“We review the district court's interpretation of loss as used in the Guidelines de novo, and its calculation of loss for clear error.” United States v. Hodge, 588 F.3d 970, 973 (8th Cir.2009) (quotation and citation omitted). “The district court's method for calculating the amount of loss must be reasonable, but the loss need not be determined with precision.” Id. (quotation and citation omitted). We will affirm a loss calculation “unless it is not supported by substantial evidence, was based on an erroneous view of the law, or we have a firm conviction that there was a mistake after reviewing the entire record.” Id. (quotation, alteration, and citations omitted). We “give the district court particular deference on the issue of loss calculation .” United States v. Levine, 477 F.3d 596, 604 (8th Cir.2007) (quotation and citation omitted). The government shoulders the burden to prove the amount of loss by a preponderance of the evidence. Hodge, 588 F.3d at 973.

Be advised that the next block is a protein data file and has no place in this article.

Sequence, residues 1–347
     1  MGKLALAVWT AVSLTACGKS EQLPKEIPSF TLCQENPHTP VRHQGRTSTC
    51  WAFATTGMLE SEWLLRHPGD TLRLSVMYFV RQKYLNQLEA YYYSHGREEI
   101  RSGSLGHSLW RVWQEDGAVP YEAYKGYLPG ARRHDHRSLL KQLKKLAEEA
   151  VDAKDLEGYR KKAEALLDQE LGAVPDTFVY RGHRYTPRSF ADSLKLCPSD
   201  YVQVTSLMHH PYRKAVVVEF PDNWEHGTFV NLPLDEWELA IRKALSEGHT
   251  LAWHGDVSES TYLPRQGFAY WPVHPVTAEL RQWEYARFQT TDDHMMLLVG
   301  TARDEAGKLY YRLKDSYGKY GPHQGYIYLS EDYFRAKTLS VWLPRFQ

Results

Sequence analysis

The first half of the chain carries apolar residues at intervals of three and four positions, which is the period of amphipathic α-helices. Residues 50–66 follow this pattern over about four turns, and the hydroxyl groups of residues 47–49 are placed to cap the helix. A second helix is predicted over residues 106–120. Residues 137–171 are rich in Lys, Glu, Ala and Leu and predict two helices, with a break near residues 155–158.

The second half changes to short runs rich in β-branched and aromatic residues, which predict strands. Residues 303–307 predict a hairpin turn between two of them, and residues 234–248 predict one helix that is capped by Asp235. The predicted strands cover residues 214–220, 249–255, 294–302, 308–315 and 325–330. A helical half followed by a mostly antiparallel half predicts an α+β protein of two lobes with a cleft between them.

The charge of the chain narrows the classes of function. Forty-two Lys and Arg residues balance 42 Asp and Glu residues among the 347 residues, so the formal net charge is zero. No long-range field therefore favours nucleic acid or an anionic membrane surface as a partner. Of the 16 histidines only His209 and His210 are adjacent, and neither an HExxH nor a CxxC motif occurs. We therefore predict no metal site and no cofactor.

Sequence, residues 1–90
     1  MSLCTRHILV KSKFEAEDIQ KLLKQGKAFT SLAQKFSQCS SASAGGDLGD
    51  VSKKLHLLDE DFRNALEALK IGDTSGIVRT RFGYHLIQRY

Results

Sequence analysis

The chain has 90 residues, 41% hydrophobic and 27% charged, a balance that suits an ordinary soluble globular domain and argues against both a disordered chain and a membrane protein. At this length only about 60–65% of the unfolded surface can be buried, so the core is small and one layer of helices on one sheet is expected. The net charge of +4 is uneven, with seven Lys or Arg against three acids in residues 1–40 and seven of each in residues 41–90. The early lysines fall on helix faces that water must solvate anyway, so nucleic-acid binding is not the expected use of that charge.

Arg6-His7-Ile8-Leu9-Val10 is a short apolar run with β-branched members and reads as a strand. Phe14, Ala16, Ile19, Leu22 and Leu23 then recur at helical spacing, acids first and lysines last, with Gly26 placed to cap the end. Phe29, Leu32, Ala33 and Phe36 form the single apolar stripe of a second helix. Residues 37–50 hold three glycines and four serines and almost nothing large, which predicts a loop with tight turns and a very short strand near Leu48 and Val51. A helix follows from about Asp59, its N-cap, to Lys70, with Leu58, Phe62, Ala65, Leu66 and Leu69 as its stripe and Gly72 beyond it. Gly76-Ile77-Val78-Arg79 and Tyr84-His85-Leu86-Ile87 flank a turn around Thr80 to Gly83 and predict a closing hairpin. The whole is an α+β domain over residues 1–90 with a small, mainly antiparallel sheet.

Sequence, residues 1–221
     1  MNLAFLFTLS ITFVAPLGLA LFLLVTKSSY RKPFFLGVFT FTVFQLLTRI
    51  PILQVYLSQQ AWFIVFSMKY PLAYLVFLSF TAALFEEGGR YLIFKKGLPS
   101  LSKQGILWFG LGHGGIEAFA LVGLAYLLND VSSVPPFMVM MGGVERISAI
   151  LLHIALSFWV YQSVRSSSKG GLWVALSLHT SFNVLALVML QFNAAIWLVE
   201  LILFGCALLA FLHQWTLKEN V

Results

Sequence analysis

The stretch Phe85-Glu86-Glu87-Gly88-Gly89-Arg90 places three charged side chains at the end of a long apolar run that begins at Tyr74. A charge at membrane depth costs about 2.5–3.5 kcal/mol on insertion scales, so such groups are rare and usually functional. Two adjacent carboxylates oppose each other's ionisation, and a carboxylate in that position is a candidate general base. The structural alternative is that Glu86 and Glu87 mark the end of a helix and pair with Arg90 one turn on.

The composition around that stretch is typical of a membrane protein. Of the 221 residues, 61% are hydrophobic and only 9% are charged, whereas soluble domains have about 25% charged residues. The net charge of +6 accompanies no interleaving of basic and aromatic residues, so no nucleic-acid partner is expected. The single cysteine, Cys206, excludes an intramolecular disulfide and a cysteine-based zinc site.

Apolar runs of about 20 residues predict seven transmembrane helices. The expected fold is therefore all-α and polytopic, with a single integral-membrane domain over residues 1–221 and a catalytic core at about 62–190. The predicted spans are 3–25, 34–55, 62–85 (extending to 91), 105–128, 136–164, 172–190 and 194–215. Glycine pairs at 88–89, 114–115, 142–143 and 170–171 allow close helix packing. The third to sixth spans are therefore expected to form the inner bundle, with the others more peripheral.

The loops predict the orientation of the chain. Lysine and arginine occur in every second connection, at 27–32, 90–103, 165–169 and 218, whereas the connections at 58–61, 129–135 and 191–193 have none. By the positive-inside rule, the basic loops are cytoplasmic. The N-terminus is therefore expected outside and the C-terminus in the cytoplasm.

For crimes involving theft, which can include violations of 18 U.S.C. § 1001(a)(2), the Guidelines provide that a defendant's offense level varies based on the amount of loss involved in the crime. See U.S.S.G. § 2B1.1(b). The Guidelines also provide that, as a general rule, “loss is the greater of actual loss or intended loss.” U.S.S.G. § 2B1.1 cmt. n. 3(A). The comment note defines “actual loss” as “reasonably foreseeable pecuniary harm that resulted from the offense” and “intended loss” as “the pecuniary harm that was intended to result from the offense.” U.S.S.G. § 2B 1.1 cmt. n. 3(A)(i)-(ii).